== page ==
Catalog No. 940
Pottery, relief, 3.0L, figural lid (tower roof).
“Horch das ist er wie war mir so bang;
O Sohn des Löwen wie säumtest du lang.
Sie fliegt ihm entgegen in holder Lust.
Er drückt sie fest an die treue Brust;
Lass nützen uns die Zeit, mein Lieb vom Rhein,
denn scheiden muss ich bei Frührots Schein.”
(Listen, it’s the one I was worried about;
Oh son of the lion how long did it take you.
She rushes toward him with great excitement.
He presses her tightly against his faithful breast.
Let us use the time, my sweetheart from the Rhine,
because I have to leave with the dawn’s red shine.)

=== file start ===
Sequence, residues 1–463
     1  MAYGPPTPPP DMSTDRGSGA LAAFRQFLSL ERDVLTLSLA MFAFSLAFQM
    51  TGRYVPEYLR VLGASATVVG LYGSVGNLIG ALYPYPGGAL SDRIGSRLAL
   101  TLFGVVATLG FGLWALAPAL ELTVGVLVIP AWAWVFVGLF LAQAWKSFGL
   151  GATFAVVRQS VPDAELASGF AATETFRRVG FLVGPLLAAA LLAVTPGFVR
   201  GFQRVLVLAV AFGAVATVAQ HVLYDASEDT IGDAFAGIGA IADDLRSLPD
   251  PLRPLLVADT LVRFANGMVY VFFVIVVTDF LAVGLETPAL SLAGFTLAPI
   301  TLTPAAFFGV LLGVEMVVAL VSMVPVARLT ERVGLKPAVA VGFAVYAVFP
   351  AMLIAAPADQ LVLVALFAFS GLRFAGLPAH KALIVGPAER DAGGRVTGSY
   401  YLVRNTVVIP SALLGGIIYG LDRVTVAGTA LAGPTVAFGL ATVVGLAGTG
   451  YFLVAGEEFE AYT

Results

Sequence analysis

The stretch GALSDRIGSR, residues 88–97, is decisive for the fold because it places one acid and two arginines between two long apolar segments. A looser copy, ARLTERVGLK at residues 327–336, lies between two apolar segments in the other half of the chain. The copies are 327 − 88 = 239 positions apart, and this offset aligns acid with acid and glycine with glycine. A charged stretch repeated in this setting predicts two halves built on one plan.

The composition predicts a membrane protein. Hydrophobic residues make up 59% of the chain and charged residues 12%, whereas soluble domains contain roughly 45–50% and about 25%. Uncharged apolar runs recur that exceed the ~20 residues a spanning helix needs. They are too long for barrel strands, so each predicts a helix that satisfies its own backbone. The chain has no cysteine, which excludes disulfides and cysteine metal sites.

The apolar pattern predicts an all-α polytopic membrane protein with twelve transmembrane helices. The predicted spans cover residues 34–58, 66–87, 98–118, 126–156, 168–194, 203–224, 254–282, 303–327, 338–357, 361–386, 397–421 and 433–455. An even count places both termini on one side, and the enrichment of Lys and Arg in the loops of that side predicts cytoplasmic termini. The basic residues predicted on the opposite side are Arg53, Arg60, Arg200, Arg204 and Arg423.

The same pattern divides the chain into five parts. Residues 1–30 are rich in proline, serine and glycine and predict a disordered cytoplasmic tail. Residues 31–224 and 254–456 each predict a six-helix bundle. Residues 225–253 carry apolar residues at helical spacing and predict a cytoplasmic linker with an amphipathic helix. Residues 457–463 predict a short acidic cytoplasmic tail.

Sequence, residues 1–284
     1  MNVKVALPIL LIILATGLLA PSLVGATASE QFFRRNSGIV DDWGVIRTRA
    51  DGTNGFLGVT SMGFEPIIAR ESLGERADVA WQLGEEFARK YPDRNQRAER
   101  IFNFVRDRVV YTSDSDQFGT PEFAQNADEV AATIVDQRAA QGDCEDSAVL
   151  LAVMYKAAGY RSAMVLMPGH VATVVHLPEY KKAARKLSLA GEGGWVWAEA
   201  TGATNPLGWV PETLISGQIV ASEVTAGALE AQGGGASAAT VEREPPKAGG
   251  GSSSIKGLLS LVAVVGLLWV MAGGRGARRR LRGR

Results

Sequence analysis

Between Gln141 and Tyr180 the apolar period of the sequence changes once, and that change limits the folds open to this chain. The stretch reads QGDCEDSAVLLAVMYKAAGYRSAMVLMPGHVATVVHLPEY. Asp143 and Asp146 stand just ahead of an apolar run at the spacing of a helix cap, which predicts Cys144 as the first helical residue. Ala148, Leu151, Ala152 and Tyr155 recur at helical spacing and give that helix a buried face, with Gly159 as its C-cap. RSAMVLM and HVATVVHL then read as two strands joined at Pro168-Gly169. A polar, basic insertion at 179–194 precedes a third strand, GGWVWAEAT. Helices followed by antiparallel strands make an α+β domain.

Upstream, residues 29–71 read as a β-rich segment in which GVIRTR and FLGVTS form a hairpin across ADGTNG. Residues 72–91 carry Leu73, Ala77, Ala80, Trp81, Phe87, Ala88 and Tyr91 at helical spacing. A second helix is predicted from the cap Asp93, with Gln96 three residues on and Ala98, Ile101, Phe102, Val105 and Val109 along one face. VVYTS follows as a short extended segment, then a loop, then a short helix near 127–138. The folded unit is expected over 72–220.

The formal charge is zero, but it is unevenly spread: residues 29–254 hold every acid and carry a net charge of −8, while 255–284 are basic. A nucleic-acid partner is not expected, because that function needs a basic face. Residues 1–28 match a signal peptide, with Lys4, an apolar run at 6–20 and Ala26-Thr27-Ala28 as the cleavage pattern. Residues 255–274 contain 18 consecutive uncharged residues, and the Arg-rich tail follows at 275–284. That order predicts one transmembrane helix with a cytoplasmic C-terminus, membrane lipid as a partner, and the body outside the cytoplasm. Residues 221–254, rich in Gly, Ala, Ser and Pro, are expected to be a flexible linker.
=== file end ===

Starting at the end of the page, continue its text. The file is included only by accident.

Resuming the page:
The decoration on this stein is based on the true story of a love affair between a medieval countess and a duke. Countess Agnes von Staufen (1176-1204), heiress to the Rhenish Palatinate, had been promised to the French king. However, she fell in love with Heinrich von Braunschweig (1174-1227), Duke of Saxony and Bavaria, marrying him without the consent of the Emperor. Ultimately, the Emperor made the best of it, accepting the marriage and using it to further contemporary political ends, albeit somewhat less grandiose in nature than what might have been achieved with a marital link to the French crown.